|Publication number||US4855505 A|
|Application number||US 06/940,221|
|Publication date||Aug 8, 1989|
|Filing date||Dec 8, 1986|
|Priority date||Sep 9, 1983|
|Also published as||CA1225079A, CA1225079A1, DE3481768D1, EP0146508A2, EP0146508A3, EP0146508B1, US4701434|
|Publication number||06940221, 940221, US 4855505 A, US 4855505A, US-A-4855505, US4855505 A, US4855505A|
|Original Assignee||Berol Kemi Ab|
|Export Citation||BiBTeX, EndNote, RefMan|
|Patent Citations (22), Referenced by (73), Classifications (26), Legal Events (3)|
|External Links: USPTO, USPTO Assignment, Espacenet|
This is a division of application Ser. No. 647,471 filed Sept. 4, 1984, now U.S. Pat. No. 4,701,434.
1. Field of the Invention
This invention relates to a ruthenium promoted nickel or/and cobalt dehydrogenation-hydrogenation catalyst, its use in organic reactions, and a process performed in its presence. The catalyst may be used to aminate alkylene oxides, hydroxyl containing compounds, such as alcohols, phenols and alkanolamines, aldehydes and ketones.
2. Background of the Art
The catalytic amination of alcohols is a well-known process. By this process alkylene oxides, hydroxyl containing compounds, aldehydes, and ketones can be aminated by reacting said compounds with ammonia, primary amines or secondary amines in a continuous or batchwise process in the presence of hydrogen gas and a hydrogenationdehydrogenation catalyst. All hydrogen atoms on an ammonium or amine nitrogen are potentially replaceable by the alkyl radical of the alkylene oxide, hydroxyl containing compound, aldehyde and ketone, so the reaction product will be a mixture of primary, secondary, and tertiary amines.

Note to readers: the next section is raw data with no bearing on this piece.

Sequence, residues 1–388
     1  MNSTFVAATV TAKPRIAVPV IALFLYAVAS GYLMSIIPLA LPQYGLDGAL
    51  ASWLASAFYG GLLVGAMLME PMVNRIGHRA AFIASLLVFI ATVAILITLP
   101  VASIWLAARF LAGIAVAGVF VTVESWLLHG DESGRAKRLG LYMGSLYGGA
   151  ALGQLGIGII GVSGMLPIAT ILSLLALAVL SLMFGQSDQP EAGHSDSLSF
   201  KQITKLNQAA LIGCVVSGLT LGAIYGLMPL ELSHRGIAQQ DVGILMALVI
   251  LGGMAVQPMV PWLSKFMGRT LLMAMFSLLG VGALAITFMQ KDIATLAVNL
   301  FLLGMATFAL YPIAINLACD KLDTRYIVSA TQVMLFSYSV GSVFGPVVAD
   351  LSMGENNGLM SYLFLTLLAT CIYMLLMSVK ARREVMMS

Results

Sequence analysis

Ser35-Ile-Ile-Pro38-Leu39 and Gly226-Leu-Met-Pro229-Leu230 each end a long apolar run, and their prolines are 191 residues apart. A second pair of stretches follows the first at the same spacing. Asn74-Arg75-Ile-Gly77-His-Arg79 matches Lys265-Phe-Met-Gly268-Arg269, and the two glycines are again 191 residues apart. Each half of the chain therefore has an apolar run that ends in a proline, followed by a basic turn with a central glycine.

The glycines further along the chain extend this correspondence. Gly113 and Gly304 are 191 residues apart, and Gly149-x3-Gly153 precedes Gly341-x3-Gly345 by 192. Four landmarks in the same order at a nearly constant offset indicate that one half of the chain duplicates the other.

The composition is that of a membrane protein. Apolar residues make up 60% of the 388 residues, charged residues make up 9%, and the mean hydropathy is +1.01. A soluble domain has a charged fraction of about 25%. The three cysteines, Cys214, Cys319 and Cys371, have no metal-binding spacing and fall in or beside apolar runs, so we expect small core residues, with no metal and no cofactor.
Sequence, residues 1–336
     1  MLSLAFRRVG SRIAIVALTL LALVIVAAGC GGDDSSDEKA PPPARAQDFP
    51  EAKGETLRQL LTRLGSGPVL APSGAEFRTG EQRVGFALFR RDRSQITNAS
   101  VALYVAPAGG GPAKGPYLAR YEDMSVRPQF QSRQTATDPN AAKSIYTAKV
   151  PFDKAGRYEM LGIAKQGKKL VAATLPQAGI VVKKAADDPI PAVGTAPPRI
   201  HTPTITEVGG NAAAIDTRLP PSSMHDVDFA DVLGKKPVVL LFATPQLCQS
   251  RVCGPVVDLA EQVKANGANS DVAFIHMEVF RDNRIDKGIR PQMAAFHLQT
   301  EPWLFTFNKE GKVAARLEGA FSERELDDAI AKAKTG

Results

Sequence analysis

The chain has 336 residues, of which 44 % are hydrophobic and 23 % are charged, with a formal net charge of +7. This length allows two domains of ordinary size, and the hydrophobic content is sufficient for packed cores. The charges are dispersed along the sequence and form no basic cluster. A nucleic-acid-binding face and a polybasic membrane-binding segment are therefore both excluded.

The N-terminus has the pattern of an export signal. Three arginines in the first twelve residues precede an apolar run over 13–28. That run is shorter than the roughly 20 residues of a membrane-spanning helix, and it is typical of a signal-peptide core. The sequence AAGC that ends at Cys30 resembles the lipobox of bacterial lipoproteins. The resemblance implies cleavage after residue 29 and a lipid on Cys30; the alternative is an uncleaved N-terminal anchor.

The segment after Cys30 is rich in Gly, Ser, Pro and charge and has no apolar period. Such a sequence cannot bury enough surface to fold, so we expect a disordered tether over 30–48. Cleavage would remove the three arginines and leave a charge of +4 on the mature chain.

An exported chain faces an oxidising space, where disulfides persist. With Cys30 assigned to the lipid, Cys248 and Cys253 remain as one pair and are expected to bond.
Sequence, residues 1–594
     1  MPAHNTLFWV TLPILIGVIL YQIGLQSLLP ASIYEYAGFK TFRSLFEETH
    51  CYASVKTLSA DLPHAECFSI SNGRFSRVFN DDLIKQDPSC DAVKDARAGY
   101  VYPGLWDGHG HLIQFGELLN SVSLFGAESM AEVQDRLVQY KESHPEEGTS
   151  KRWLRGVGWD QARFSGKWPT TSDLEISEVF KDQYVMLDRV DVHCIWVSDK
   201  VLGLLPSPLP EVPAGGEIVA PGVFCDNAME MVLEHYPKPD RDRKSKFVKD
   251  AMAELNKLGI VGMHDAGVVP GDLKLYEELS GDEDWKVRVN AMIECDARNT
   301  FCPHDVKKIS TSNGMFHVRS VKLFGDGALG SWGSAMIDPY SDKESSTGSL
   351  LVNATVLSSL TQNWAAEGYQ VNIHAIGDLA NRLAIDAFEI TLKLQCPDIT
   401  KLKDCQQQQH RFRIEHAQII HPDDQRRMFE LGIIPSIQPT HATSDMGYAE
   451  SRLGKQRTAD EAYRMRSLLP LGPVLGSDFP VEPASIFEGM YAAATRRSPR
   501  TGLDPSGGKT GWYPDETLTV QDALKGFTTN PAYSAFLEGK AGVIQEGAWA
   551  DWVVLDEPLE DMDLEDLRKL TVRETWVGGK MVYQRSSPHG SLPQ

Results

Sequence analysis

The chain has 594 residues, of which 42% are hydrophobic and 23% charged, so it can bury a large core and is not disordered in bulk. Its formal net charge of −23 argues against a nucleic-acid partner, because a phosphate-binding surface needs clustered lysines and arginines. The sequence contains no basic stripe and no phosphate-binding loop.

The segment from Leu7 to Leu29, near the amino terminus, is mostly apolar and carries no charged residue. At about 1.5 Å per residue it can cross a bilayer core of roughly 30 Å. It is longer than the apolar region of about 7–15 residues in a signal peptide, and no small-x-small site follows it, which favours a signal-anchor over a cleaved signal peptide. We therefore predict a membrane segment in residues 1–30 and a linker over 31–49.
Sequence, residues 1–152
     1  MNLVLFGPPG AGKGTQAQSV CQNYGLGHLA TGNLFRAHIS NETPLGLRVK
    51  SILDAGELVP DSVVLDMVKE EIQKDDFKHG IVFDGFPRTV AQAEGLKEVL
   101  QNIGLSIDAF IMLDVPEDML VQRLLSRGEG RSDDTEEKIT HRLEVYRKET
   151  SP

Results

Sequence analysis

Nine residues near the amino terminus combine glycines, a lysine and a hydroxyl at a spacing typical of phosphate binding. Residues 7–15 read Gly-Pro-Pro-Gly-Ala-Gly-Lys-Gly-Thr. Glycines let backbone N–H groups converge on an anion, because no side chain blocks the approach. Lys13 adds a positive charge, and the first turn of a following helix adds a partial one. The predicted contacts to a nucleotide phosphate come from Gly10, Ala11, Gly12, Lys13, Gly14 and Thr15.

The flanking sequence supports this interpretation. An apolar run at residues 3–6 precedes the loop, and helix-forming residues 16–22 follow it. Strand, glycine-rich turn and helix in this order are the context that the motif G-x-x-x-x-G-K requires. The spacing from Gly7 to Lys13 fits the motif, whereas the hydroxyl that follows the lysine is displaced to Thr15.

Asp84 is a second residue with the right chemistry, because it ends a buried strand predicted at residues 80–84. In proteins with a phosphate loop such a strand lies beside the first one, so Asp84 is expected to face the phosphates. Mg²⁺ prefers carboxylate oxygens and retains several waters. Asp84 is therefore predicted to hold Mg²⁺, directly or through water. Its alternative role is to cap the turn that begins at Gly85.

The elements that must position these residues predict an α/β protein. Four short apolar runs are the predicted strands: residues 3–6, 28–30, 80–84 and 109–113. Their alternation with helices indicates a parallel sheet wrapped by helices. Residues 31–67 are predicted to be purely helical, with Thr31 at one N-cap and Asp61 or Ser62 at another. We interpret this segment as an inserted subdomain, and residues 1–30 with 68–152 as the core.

When aminating hydroxyl containing compounds, such as ethylene glycols and ethanolamines, not only straight-chain di- and polyamines, but also branched chain polyamines and sixmembered heterocyclic amines, such as piperazine, morpholine, and their derivates, are obtained. The most desirable products in the manufacture of ethylene amines are such containing mainly primary amino groups. Ethylene amines containing tertiary amino groups and heterocyclic rings are of less commercial interest.
Various catalysts have been used to promote the process and most of them are based on nickel and/or cobalt. In order to improve the selectivity in respect to the product mix and to increase the reaction rate, a large number of promotors have been used, such as compounds of copper, magnesium, chromium, iron, and zinc. Among patents describing amination of organic material the U.S. Pat. No. 1,449,423 and the U.S. Pat. No. 2,365,721 may be mentioned. The U.S. Pat. No. 3,766,184 discloses a nickel and/or cobalt and iron containing catalyst which increases the formation of ethylene diamine and decreases the formation of piperazine. In the U.S. Pat. No. 3,278,598 a Raney nickel catalyst is described, in which catalyst rodium, palladium, or ruthenium supported on carbon is introduced as a cocatalyst. However, this catalyst increases the formation of secondary amine groups at the expense of primary amine groups.